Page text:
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Just to be clear: The issue is not the win rate, but the expectancy. You can have a high positive expectancy with a win rate of 30%, such as is typically the case for trend following strategies. If you refer to a win rate of 50% with equal outcomes (which was the original assumption), then you should not bet anyhow, as there is no edge. In this case, the Anti-Martingale approach is harmful, because it simply amplifies the outcome of "no edge".
Where it is very harmful, are bets that are negatively correlated. Imagine that you play Black Jack and you increase your bet size after a string of wins. That is the moment, when you should stop playing immediately and certainly not increase your bet size. So the approach is particularly harmful, if consecutive bets are negatively correlated, such as is the case with Black Jack.
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Question No.1 : Are price moves at a given resolution (1 sec, 1 min , 30 min, etc.) positively or negatively correlated? Or otherwise put, is the market trending or range bound?
Question No. 2: Are your trades positively correlated, negatively correlated or not correlated?
If you can answer these questions, you are a certainly a genius!
However, what could be done, is to evaluate your trade history and check for auto-correlation. But you would need a rather large sample, as correlations are typically changing a lot.
So you should assume that your trades are not correlated, or that the current correlation cannot be established. In this case the concept of progressive betting does not make sense.
This is the whole point: Progressive betting is the key to success in playing Black Jack, but if you apply it to trading, well, you should better read the book by Ralph Vince to focus on money management and forget about progressive betting.
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To push the thought experiment a bit further, let's assume you have a system with an overall positive expectancy of $50 per trade and an overall success rate of 60%.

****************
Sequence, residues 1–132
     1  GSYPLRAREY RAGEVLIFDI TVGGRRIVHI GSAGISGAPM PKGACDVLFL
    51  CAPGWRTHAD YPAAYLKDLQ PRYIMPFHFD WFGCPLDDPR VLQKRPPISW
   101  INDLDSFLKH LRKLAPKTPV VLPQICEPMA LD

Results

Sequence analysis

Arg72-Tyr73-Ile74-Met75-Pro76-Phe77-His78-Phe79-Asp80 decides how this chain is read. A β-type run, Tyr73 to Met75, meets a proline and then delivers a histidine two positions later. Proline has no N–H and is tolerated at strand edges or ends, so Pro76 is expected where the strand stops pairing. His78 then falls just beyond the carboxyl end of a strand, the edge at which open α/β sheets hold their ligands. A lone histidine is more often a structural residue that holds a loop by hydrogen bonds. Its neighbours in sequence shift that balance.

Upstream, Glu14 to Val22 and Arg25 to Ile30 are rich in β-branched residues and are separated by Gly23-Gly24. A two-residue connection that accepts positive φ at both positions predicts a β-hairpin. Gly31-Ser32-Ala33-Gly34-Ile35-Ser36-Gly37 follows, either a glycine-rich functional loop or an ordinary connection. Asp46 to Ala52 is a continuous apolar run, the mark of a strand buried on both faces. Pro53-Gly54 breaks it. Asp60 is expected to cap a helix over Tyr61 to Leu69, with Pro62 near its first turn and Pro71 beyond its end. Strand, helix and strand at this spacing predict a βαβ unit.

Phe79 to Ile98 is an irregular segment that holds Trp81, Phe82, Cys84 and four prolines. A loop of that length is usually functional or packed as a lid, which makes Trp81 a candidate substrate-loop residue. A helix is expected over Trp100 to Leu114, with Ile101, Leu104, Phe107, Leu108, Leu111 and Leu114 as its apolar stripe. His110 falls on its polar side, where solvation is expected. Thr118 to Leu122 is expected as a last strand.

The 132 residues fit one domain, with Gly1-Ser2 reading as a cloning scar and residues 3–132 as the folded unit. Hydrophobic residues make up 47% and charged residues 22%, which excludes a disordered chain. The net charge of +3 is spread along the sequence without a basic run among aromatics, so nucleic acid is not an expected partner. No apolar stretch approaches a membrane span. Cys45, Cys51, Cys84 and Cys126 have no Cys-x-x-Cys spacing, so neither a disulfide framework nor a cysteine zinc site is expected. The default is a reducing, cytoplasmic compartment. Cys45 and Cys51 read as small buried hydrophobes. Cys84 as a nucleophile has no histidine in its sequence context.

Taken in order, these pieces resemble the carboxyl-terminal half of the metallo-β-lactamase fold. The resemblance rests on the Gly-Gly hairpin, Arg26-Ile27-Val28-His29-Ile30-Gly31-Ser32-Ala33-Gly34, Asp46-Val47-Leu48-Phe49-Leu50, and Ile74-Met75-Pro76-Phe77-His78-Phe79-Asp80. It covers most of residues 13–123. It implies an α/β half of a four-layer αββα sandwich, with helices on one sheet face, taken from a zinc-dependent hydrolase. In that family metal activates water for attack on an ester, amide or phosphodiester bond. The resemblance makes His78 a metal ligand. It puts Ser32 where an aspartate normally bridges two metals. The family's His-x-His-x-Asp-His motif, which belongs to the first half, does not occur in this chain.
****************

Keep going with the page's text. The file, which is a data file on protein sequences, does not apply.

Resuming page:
If you break the data down further, however, let's say you can classify this as two different systems. Sometimes the system is actually a loser, with an expectancy of ($100) per trade and a success rate of 50%. During successful periods, the system has an expectancy of $200 per trade and a success rate of 70%. The difference is whether market conditions favor the system's approach on a given day.
The key question for the trader is whether, right now on any given day, you're trading the losing system or the winning system. One thing that is clear is that you would expect there to be more (and longer) strings of winners under the winning system than under the losing system. In fact, a sizeable cluster of wins over any given period would be the primary evidence you'd use to determine which system had been in place over that period. If wins are occurring more frequently (or perhaps more accurately, if expectancy is higher), this is what tells you that conditions were favorable for your trading approach over that period.
Might it therefore make sense to increase bet size when you've noticed more winners, or higher expectancy, across the most recent sample of trades?
I don't expect a definitive answer, just raising this as a thought to mull over. I think the answer really depends on your view of how frequently market conditions change. If conditions can be expected to change constantly, so it's basically random whether or not the system will be favored on a given day, then that would be one thing. If conditions can be expected to linger for weeks or months at a time, that would be another. These are empirical questions that you can't really answer with a thought experiment, but that may be worth thinking about.
Unless I've missed something, I think the issue isn't that the formula is flawed per se, but rather that the results are not optimal.
This is because the profits posted in those charts would be higher if you used a larger bet on all trades than if you used a larger bet only during strings of wins. To see this clearly you'd need another chart showing the results of a fixed position size using a larger bet.
Increasing bet size after a win would make sense if the odds of a win increased with each win, but the assumption in these examples is that the odds of a win are fixed. In that case what you want to do is find the optimal bet size and use it on each trade since each trade is equally likely to give you a profit.